Misconceptions about investment systems abound. It’s an esoteric field, so I’m not surprised. Most on the outside tend to think of systems as mysterious, robot-driven, “black box” investment things. The reality isn’t that mysterious or complicated.
A systematic investment strategy starts with an idea… which turns into a hypothesis… which is then proven or disproven.
The idea can be as simple as: “I think cheap stocks beat expensive stocks in the long run.” That value investing hypothesis has been studied and tested for decades now and has proved to be worthwhile.
Of course, a keen observation about the markets can prove invaluable, but it’s no systematic strategy. Take Kyle Bass, founder of Hayman Capital in Dallas. In 2006, he created a hedge fund to exploit a single hypothesis: that the U.S. subprime mortgage market would implode.
That market did implode. And Mr. Bass made a ton of money. But he’ll need to come up with a new great idea for his next fund.
Unless you’re Kyle Bass in the making, or he’s your mentor, you’d do better to adopt a systematic investment strategy that exploits events that repeat with a good deal of regularity.
Today I’ll help you with that…
Cliff Asness of AQR Capital Management (a quantitative/systematic hedge fund) explained why a strategic investment system is important. During an interview with Steve Forbes, he said (paraphrased):
With systems, you’re leveraging an idea… that cheap always beats expensive, or that low-volatility always beats high-volatility. And you’re applying that idea across hundreds of symbols… so that, in the long run, you’re exploiting the mathematical edge that’s contained in your idea.
THAT’S the essence of a system.
That’s what I aim to do with Cycle 9 Alert and 10X Profits.
The idea behind Cycle 9 Alert is simple: Everything cycles through periods of underperformance and outperformance.
That idea applies to sectors within the stock market… to individual stocks within sectors… and also to asset classes outside of equity markets, like commodities, currencies, and bonds.
That’s important to pay attention to. I don’t just focus on stocks. If I did, it would be a surefire way to miss out on great opportunities elsewhere.
I also don’t focus solely on U.S. markets. If I did, we’d have missed the outperformance of foreign markets this year and not been able to bank the 129%, 114%, and 149% we grabbed betting on Canada, Mexico, and China respectively.
The stock market’s not the be-all and end-all. Sure, it’s had a great run since early 2009. But the bull market won’t last forever. In fact, now more than ever, the threat looks to be growing.
At best, the risk-adjusted returns the U.S. equity markets could produce over the next five years are likely to pale in comparison to the last five years. At worst, any number of global risks could trigger a repeat of the 2008 stock market crash.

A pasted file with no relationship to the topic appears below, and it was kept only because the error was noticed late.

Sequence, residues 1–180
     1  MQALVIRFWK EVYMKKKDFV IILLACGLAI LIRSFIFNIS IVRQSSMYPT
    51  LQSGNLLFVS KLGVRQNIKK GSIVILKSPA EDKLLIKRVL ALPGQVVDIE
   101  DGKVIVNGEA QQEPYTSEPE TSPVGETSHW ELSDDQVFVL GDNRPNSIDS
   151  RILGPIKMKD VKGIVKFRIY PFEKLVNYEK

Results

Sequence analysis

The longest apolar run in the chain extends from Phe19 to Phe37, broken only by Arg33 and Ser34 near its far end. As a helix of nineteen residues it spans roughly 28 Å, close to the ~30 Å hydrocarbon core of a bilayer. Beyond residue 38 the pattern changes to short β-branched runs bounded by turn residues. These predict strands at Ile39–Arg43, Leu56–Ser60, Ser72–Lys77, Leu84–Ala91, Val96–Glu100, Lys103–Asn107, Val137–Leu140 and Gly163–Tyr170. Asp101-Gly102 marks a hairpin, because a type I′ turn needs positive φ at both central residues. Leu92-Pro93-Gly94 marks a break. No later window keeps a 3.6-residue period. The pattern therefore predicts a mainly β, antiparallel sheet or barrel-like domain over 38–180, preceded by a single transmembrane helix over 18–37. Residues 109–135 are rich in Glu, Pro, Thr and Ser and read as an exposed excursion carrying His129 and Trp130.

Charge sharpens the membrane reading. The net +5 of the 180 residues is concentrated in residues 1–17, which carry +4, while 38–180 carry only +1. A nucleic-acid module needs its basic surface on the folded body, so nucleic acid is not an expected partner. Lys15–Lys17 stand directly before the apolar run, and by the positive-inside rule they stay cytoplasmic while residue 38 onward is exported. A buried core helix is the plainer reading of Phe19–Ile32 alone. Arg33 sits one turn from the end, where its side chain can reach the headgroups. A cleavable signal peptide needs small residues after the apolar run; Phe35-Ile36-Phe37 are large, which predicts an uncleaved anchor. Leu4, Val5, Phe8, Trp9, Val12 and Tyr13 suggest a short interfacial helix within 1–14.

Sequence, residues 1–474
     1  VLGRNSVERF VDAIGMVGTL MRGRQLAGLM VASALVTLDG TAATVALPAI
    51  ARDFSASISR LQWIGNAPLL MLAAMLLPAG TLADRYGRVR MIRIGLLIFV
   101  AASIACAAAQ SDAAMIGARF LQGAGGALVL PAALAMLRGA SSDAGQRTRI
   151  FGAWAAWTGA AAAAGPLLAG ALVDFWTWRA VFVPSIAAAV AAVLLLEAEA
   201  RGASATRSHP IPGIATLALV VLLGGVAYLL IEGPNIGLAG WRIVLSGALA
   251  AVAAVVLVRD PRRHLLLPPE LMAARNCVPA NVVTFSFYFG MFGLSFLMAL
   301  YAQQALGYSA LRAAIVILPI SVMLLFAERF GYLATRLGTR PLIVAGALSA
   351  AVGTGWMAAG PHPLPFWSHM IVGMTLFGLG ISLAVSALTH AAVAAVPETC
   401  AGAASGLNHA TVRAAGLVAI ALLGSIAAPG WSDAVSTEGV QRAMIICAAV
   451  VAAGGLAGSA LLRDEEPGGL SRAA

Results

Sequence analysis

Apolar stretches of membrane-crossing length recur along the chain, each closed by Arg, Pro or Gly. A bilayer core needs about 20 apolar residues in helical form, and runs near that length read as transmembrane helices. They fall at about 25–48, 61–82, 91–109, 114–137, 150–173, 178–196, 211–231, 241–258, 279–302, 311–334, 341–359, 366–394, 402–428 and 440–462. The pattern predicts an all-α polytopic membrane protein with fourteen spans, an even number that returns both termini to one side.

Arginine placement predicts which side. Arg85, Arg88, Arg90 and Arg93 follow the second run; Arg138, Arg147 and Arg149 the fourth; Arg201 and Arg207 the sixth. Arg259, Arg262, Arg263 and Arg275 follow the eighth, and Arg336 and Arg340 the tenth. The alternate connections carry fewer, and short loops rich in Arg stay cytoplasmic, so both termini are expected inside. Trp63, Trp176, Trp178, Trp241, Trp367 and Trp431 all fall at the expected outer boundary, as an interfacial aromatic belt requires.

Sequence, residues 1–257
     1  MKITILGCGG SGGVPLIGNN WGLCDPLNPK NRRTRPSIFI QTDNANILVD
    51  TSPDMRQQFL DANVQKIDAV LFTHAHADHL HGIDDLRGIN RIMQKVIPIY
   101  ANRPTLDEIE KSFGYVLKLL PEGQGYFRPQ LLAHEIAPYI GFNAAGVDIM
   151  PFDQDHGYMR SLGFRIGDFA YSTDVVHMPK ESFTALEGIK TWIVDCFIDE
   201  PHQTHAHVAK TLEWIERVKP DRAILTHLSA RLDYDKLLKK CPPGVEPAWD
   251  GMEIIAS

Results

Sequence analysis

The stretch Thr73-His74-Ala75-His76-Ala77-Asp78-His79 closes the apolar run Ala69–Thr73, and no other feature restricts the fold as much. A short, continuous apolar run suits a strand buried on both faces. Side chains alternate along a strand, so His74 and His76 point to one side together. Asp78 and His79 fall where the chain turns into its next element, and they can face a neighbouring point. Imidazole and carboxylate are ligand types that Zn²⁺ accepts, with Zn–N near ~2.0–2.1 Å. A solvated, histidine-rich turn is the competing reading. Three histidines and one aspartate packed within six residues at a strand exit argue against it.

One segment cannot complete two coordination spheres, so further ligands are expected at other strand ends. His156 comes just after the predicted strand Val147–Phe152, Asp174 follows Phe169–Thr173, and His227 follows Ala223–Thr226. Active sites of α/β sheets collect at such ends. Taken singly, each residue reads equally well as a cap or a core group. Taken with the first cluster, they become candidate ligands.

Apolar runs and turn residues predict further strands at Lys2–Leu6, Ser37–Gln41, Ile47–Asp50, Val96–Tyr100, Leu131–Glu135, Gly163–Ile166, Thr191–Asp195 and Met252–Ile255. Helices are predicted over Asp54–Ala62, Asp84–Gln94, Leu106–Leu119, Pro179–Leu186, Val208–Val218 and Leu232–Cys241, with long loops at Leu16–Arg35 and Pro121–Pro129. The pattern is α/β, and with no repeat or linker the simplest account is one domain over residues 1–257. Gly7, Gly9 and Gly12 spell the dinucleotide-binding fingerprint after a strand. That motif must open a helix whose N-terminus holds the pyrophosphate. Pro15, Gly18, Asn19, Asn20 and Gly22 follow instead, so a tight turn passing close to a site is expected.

Either way, looking for Cycle 9-style opportunities outside the stock market and outside the U.S. is a must. It should be a requirement in any investment strategy you decide to go with.
The good news is: A careful study of historical stock market crashes reveals which asset classes are safe haven plays in times of crisis.
Here’s a sampling of three, non-equity investments that did quite well to cushion the blow of a plummeting stock market in 2008. These are the three ways you can survive the next crash.
First, a currency…
1. Japanese Yen (CurrencyShares Japanese Yen ETF: FXY)
Between September and December 2008, FXY gained 16%, while the S&P 500 (SPY) lost 29%.
That’s because the yen, along with the U.S. dollar, is a safe-haven currency that goes up when everything else in the investment world is going down.
Next, a bond fund…
2. 2-Year Treasury Bonds (via ETF: SHY)
My Cycle 9 system generated four buy signals on the Barclays Low Duration Treasury ETF (NYSE: SHY) between July 2007 and January 2009. Each one was profitable… because, like with the yen, the dollar is a safe haven currency, so investors tend to clamor for U.S. Treasury bonds when it seems as if the world is ending.
Finally, a basket of commodities…
3. PowerShares DB Commodity Index (NYSE: DBC)
Commodities sold off alongside equities during the second half of 2008. But that doesn’t mean there weren’t any gains to be had buying commodities in the first half of the year. The two trades triggered by my Cycle 9 system between October 2007 and March 2008 netted a combined 22% gain.
The most important point to take away from today is this…
Whenever stocks crash, we’ll be ready… and you can be too!
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Editor, Cycle 9 Alert
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